'Queen Christine' and the Tax Revolt

The governor must defend a huge transportation plan she helped pass. But business, labor, and environmental groups aren't sure there should even be a campaign against anti-gas-tax Initiative 912.

Gov. Christine Gregoire is facing her next leadership test: the state's ongoing tax revolt. Tax cutters call the Democratic governor "Queen Christine," and their latest weapon against her rule is Initiative 912, an effort to roll back the gas tax enacted by the Legislature this year with prodding by Gregoire.

The opponents of I-912 need direction. As the pro-912 campaign begins to gear up, there are serious doubts about the prudence of mounting an opposition effort at all. Even among those who want to fight, there is disagreement about how to proceed. Gregoire will be key to the debate, because she is the only one who has sufficient clout with the diverse coalition of business, labor, and environmental groups that supports and helped pass the $8.5 billion transportation package. All that desperately needed construction will be mostly funded by an incremental gas tax increase of 9.5 cents over the next four years. I-912 would gut the list of improvements.

The tax revolt flummoxed our previous chief exec, Gary Locke. He and legislative leaders watched helplessly as a watch salesperson from Mukilteo, Tim Eyman, ran up incredible victories with harebrained, unconstitutional ballot measures year after year that hamstrung government's ability to make necessary public investments. In 1999, Initiative 695 slashed the motor vehicle excise tax (most of us call it "car tabs"). A judge tossed the initiative, but the Legislature cut the tax anyway. In 2000, by passing Initiative 722, voters embraced another unconstitutional measure—this one limiting the growth of property tax. Eyman hired a better lawyer the next year and wrote a constitutional measure, Initiative 747, which passed easily and now holds property tax increases to 1 percent annually—hampering local government's ability to deliver needed services. In 2002, voters destroyed local government's ability to maintain roads by passing Initiative 776, which cut counties' vehicle licensing fees. Things quieted down for a couple of years because Eyman had problems identifying easy tax targets and following campaign finance rules. Pundits began speculating that perhaps the state's anti-tax fever had broken.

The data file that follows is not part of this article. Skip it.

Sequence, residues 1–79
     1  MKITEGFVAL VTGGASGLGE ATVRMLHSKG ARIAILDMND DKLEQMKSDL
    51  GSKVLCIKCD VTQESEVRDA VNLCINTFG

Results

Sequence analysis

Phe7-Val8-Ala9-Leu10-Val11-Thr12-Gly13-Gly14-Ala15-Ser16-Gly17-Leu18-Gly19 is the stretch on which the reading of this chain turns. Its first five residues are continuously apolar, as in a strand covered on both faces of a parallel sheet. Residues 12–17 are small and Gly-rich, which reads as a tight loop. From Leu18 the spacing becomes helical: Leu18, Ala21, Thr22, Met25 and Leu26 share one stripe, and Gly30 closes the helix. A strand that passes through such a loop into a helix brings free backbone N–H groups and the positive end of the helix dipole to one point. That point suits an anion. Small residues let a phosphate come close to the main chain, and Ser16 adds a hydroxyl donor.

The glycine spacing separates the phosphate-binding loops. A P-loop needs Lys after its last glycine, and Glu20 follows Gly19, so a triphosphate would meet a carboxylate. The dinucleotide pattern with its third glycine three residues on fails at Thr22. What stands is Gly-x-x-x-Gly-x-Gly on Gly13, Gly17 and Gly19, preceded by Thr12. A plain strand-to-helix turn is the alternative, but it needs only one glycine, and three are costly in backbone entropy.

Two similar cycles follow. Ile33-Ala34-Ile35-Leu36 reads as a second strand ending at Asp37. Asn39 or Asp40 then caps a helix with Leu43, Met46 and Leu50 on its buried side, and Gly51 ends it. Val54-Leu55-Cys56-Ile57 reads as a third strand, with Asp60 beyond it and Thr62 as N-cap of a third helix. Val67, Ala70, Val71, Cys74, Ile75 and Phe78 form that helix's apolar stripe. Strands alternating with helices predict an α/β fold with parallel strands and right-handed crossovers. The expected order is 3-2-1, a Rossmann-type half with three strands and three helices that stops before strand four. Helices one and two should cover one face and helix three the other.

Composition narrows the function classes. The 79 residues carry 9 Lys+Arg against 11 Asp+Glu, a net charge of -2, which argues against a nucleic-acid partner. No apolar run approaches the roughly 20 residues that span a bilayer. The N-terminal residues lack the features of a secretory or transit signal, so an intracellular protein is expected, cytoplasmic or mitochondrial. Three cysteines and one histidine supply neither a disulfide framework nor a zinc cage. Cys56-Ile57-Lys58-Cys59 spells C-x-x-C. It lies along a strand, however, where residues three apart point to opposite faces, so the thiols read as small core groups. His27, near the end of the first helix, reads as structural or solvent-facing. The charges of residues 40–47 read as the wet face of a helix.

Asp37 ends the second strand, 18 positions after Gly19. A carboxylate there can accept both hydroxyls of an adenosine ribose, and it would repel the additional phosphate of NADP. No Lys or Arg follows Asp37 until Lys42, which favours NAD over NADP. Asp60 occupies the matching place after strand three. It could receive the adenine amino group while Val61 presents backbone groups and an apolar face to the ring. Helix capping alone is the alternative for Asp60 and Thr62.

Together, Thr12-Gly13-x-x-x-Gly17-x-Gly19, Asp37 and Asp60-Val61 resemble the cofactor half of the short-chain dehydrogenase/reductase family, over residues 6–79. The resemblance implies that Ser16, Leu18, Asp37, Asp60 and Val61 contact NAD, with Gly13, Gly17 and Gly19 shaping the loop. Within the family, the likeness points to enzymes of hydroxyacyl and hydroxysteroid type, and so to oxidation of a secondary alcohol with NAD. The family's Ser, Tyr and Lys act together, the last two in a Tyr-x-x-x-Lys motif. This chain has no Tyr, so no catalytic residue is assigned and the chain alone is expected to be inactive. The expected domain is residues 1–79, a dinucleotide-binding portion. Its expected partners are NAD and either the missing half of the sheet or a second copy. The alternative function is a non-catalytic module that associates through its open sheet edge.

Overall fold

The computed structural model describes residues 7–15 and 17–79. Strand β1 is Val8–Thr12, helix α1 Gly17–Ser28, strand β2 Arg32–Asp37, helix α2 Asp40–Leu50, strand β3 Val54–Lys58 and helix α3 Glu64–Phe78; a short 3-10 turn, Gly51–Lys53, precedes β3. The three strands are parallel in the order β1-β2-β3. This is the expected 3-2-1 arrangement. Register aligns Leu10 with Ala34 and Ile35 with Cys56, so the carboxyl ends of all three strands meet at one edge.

They were wrong.

This year, despite her election woes, Gregoire showed genuine leadership by pushing hard and successfully to get the $8.5 billion transportation package through the Legislature. About $5.5 billion is raised by a 9.5-cent incremental increase in the gas tax, bringing the state revenue per gallon of fuel to 37.5 cents in 2008. The state constitution requires that gas taxes fund only highways and the Washington State Ferries, which are considered highways of the sea—not mass transit. Other revenue sources in the package include fees on driver licenses, motor homes, vehicle license plates, and the weight of certain vehicles.